The Huntsman: Winter’s War (Nicolas-Troyan; 2016)

The Huntsman:  Winter’s War is both a prequel and a sequel to 2012’s Snow White and the Huntsman.  The fact that it manages to be both is, unfortunately, the most innovative thing about this  very pedestrian film.  Kristen Stewart is nowhere to be seen here, but Chris Hemsworth (Eric,  the titular huntsman), Charlize Theron (Queen Ravenna), and Nick Frost (the dwarf Nion) all reprise their roles from the original, and Emily Blunt and Jessica Chastain add their names to the cast list as Queen Freya and Sara, respectively.

The story behind The Huntsman: Winter’s War, is that Queen Ravenna from the original film had a sister named Freya who came into sorcerous powers and, because of them, a kingdom of her own due to a tragedy.  Just like her sister she rules as a tyrant and raises a small well trained army, of which Eric and Sara are a part.  The plot from there revolves around their attempts to bring down Freya from her throne just as Ravenna was brought down in Snow White and the Huntsman.  The story knows only that it wants to be fantasy, but beyond that it has no idea whether it wants to be a war epic, a fairy tale, or a hero’s journey, but it manages to remain cliched no matter which style it stumbles through on its way to its climax.

The dialogue in the film is used as a bludgeon, always telling you exactly what you should be thinking and feeling, describing things that the characters already intimately know, and describing things that are right in front of your face.  The word subtle is not in the vocabulary of writers Spillotopolous and Mazin, and I say that both cheekily and literally since from what I can gather of their writing, a great many words aren’t in their vocabulary.


For instance, they keep calling this gong a mirror.  Are they that hard to tell apart?

The visuals of the film are competent and at times interesting.  The frost magic and fight scenes fall into the same trap of complete cliche as the writing of the film, but at least they look pretty and don’t fall into the “quick editing so you can’t tell what’s really going on” trap too often used by less talented directors.  The scenery is usually more proficiently handled, and when trying for a fairy tale aesthetic can actually be quite beautiful and interesting.  Whatever else can be criticized in The Huntsman:  Winter’s War, the art department as a group have earned themselves a heaping helping of kudos.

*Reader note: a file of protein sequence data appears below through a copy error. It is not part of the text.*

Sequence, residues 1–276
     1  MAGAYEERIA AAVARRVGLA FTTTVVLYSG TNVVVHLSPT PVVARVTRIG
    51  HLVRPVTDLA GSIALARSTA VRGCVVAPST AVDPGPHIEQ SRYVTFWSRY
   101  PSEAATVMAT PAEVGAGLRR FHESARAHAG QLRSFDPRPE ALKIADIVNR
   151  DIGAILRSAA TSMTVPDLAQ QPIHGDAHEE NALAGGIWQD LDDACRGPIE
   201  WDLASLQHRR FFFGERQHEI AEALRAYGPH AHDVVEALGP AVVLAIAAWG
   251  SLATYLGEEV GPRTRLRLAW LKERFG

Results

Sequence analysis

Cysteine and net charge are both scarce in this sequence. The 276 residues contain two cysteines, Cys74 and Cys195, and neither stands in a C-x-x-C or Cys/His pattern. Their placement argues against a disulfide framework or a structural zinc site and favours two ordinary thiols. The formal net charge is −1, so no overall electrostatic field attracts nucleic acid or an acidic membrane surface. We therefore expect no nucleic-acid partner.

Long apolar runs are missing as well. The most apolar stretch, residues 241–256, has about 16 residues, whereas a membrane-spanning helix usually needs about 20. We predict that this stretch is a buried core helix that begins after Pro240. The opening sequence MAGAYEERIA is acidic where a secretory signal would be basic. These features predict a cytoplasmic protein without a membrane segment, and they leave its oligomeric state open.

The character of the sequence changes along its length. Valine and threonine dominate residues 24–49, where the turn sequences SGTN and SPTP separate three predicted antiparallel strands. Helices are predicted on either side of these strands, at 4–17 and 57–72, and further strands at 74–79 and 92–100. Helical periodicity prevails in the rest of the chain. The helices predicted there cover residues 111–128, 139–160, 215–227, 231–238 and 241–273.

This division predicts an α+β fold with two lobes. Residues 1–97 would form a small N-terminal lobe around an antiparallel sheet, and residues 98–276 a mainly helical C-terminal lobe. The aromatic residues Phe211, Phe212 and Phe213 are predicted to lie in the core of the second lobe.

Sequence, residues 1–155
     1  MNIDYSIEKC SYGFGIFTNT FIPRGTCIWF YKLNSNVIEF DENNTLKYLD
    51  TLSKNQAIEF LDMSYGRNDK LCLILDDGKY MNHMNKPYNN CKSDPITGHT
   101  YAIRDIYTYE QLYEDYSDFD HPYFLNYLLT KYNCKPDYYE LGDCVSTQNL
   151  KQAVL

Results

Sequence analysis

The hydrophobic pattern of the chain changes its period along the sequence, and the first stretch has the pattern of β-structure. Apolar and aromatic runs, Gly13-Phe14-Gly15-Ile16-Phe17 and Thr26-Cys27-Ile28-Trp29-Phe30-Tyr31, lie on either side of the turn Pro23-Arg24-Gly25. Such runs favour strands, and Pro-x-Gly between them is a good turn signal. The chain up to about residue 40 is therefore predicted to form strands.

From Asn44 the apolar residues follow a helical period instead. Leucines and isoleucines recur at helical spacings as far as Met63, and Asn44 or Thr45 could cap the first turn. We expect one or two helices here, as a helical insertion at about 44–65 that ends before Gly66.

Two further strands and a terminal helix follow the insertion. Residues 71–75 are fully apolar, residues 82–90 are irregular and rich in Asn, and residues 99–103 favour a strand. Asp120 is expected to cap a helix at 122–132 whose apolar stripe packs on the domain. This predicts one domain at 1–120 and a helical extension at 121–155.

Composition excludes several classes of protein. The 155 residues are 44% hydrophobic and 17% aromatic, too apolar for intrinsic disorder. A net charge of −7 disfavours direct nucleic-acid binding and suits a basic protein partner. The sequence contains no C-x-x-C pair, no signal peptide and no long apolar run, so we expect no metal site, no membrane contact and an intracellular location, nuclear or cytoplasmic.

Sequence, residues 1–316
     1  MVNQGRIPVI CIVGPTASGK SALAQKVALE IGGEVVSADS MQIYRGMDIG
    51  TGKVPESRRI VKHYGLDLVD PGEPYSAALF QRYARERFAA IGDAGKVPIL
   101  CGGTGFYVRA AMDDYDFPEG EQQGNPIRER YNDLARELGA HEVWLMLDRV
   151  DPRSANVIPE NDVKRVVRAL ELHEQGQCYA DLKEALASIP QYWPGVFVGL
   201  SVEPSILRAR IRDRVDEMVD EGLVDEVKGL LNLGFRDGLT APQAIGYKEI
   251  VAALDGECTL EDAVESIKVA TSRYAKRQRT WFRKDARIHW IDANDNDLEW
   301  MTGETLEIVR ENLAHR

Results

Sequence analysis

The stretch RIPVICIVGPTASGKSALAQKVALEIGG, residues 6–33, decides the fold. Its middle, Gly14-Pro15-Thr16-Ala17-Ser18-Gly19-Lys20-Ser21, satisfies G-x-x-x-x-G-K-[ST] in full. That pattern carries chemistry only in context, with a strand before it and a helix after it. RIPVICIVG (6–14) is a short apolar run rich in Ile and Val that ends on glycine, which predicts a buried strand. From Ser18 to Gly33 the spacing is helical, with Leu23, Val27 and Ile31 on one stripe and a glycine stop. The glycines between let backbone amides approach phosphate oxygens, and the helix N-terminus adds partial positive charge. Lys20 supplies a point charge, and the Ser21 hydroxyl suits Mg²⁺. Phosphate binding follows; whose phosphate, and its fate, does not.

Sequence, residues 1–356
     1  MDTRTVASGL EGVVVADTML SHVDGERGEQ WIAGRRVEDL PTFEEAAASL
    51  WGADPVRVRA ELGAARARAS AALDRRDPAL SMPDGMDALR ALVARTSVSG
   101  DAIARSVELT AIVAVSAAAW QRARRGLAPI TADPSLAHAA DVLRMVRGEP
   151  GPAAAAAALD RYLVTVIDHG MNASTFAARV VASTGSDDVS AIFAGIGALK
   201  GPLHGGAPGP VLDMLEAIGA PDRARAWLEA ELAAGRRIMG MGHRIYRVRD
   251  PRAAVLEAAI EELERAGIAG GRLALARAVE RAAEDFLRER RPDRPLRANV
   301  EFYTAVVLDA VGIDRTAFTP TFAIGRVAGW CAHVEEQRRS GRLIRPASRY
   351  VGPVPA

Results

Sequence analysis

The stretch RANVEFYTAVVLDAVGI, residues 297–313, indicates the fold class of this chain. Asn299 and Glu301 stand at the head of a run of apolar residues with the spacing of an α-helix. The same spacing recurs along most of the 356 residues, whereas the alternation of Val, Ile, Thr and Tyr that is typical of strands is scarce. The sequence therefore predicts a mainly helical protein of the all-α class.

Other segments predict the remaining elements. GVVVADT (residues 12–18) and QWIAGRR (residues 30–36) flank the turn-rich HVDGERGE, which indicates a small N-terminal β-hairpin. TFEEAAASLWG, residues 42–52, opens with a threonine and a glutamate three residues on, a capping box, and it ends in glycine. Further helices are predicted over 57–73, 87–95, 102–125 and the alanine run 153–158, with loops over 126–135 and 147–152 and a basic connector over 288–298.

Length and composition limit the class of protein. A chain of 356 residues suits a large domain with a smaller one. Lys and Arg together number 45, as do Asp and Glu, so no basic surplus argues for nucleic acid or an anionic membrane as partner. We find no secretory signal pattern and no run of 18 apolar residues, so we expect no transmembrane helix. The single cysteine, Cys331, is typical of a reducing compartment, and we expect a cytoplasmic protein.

Our cast is a mixed bag.  Hemsworth and Chastain as our protagonists and lovers are…  Well, they sure are good-looking.  As much as I want to like Chris Hemsworth because of his connection to Marvel and Joss Whedon and therefore his involvement in some of my favorite films of the last decade, he just is not a good actor, and I fear once his days as Thor are done he will become just a pretty face to throw into bad genre and romance flicks.  Chastain is no better as Sara.  Both Hemsworth and Chastain give uninspired, dull, and hamfisted performances that do absolutely nothing to elevate the already trite script.  Blunt and Theron, on the other hand, are both great in their own way.  Theron runs with the script she is given and absolutely gloriously chews the scenery every second she is given screen time, a style that absolutely works with the material given here, and Blunt actually manages to add layers to Queen Freya, adding character elements that are not apparent in the dialogue and making hers the only character in the entire film with any depth whatsoever.


This the after effect of chewing scenery.

The Huntsman: Winter’s War is, in a way, the worst kind of film there is.  It’s a film that isn’t handled incompetently enough to be entertaining in a “so bad it’s funny” way, but very little else rises above the level of mediocre cliche.  One day when it comes on television, watching Emily Blunt play her role may make it worth leaving on in the background while you’re doing housework, but otherwise, this is a film to avoid.

Rating:  3.4 out of 10


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